From a wee 5-hour day to a multi-day adventure, you can get married in the Old Country however you like. There are some example elopement timelines below to give you some ideas.
What can your Irish elopement adventure look like?
I’ve often found that, wherever you’re getting married, it’s difficult to truly get the whole picture without seeing a timeline written down. And especially if you haven’t eloped before, you may not have a clear idea of what your day (or days…) can be.
It may surprise you to hear that most people book me for 8-12 whole hours. Not 1, not 2, but 12. Think about it: people who have big weddings get a full day, why don’t you?
For more on this, there’s an in-depth article about dreaming up your own perfect wedding day, and you can read it here: How to Plan the Perfect Timeline
When it comes to planning your elopement, one of the aspects for you to consider is the ceremony itself. Big wedding ceremonies have common scripts to follow, and you can follow them too, but maybe you’re looking for something else… And what Ireland Elopement Guide would be complete without Irish wedding traditions?
Whether you’re Irish yourself or just love the traditions, here’s a list that you can incorporate into your own elopement day:
The phrase “tying the knot” comes from the hand-fasting tradition, involving tying the couple’s hands together with rope, ribbon, or lace. You can personalize the ceremony by selecting specific colours for the cords, signifying different aspects of your relationship.
I love live music at any wedding, but some traditional Irish music? In a magical place? Can’t beat that. Three of my favourite instruments for live Irish music are the fiddle, the harp, and the uilleann pipes. (Uilleann pipes are the Irish version of the bagpipes, pronounced “ill-en.” They’re quieter than the Scottish bagpipes and have a beautiful sound.)
Ireland has a long history with lace. Either or both or you can carry a lace handkerchief on your wedding day. Handkerchiefs can be embroidered with the date of the ceremony and/or your names or initials.
In the present day, I wouldn’t say that all Irish people are superstitious, but…we’re a little-stitious. There are all kinds of little traditions to ward off evil spirits and bring good luck, and this is one of them. You can either place the coin in your shoe or, in the more modern version: glue it to the bottom of your shoe.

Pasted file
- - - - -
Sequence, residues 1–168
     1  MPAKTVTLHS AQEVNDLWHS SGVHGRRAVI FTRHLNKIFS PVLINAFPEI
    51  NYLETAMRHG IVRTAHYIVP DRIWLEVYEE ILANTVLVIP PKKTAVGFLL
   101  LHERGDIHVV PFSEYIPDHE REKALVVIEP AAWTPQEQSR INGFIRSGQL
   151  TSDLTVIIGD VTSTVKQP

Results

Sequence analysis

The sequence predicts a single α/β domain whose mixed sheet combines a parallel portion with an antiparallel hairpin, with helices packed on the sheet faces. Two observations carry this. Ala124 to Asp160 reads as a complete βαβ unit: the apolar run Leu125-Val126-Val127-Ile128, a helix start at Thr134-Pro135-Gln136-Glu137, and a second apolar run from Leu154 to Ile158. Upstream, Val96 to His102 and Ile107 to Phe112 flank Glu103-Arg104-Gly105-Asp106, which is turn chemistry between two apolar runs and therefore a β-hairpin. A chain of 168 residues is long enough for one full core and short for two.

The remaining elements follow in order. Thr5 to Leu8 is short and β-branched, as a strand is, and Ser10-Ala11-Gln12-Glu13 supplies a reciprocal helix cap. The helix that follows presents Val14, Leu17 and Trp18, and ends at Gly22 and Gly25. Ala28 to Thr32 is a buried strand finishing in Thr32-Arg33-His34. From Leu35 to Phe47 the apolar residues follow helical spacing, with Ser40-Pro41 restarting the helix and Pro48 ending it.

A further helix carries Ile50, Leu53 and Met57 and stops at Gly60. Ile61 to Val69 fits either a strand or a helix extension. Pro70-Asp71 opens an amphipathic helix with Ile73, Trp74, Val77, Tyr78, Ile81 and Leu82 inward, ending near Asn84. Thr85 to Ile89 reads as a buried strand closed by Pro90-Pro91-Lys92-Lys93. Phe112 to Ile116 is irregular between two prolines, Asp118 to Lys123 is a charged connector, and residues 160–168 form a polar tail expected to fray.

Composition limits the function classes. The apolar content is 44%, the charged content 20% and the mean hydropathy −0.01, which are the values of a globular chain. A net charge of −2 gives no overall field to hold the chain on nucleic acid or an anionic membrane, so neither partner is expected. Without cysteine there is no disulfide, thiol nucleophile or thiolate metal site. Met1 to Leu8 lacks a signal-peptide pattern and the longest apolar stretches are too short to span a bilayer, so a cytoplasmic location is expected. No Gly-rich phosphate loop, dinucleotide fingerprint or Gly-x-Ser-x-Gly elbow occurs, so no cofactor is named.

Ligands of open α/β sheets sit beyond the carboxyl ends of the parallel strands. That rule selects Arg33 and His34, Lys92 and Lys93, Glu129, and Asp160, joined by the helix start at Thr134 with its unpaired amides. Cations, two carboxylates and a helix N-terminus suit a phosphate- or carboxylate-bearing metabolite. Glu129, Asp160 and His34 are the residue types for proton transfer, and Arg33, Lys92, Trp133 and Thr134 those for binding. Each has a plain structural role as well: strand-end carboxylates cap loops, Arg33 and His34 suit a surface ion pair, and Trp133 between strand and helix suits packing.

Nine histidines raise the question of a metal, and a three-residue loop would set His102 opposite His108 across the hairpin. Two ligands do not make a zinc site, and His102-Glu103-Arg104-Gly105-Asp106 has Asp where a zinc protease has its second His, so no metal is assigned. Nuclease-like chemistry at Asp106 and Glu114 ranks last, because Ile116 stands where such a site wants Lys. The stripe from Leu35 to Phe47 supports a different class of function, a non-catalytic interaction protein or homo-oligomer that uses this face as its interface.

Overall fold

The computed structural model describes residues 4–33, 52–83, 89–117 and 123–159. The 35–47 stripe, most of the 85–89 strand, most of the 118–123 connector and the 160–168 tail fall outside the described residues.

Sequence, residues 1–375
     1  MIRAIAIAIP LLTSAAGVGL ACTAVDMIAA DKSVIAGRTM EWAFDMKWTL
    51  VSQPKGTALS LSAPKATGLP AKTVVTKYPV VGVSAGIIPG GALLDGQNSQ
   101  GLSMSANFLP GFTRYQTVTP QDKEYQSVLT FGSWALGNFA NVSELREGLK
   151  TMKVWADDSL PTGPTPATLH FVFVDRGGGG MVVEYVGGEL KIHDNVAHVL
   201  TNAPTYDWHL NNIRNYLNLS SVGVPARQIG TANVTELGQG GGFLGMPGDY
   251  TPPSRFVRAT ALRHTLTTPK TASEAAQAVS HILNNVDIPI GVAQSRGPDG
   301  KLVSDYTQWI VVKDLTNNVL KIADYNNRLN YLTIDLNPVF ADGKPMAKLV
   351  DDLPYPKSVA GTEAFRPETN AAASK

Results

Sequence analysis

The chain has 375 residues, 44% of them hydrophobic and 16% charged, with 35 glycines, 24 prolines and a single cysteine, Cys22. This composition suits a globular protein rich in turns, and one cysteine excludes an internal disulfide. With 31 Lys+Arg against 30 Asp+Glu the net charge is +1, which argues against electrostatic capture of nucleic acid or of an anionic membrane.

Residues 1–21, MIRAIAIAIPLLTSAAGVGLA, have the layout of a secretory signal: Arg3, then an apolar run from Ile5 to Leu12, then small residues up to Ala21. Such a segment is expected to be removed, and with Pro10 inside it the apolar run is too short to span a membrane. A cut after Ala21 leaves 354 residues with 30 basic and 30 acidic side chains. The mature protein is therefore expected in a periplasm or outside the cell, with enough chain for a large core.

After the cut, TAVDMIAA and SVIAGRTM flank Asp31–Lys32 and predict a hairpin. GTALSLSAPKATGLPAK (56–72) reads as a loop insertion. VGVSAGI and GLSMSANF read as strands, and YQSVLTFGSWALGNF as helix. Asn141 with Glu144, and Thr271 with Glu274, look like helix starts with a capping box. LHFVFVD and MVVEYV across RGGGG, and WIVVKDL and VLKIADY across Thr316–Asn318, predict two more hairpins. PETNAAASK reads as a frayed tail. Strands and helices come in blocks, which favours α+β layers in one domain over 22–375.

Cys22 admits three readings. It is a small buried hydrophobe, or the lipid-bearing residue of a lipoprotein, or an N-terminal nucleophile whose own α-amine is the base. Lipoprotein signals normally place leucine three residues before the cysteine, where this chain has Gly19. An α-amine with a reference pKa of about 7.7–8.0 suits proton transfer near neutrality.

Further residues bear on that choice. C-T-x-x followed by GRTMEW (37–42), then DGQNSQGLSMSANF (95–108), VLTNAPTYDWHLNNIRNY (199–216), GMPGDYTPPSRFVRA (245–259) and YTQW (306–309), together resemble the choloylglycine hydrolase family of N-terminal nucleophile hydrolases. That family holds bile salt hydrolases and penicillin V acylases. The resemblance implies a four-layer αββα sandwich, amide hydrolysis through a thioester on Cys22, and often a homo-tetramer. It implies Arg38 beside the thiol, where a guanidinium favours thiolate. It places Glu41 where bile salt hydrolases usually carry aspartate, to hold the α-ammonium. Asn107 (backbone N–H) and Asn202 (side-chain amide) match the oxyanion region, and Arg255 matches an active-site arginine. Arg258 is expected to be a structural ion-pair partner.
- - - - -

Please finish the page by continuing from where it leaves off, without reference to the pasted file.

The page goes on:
Claddagh (pronounced “kla-duh”) originally referred to a town near Galway. A Claddagh ring features a heart held by a pair of hands, symbolizing love and friendship, respectively. A crown perches on top of the heart, signifying loyalty. (Some Irish folks have been known to wear Claddagh rings without the crown as a form of protest against the British.)
According to tradition, Claddagh rings are worn on the right ring finger with the heart facing the wearer signifying that they are “spoken for,” or turned away from the wearer signifying that they are single or open. Claddaghs are worn as engagement rings on the ring finger of the left hand with the heart facing away from the wearer. During the wedding ceremony, the ring is turned around (or a new one is added if not used as an engagement ring) with the heart facing toward the wearer.
All of my couples get a full packing list to make sure nothing is forgotten, but here are the basics when it comes to traveling in Ireland:
As we discussed above with the weather, you should bring a raincoat. I don’t care what time of year it is, you need one. And Murphy’s Law states that if you bring one, you likely won’t need it. But if you forget it…? Rain every day.
I don’t make the rules.
You’ll also need a good comfortable pair of shoes. They don’t have to be running shoes or hiking boots (unless you’re doing some serious hiking), but you’re going to find yourself doing a lot of walking. Not just on your elopement day, but every day. Ireland has pretty good public transportation, but be prepared to spend a lot of time moving around!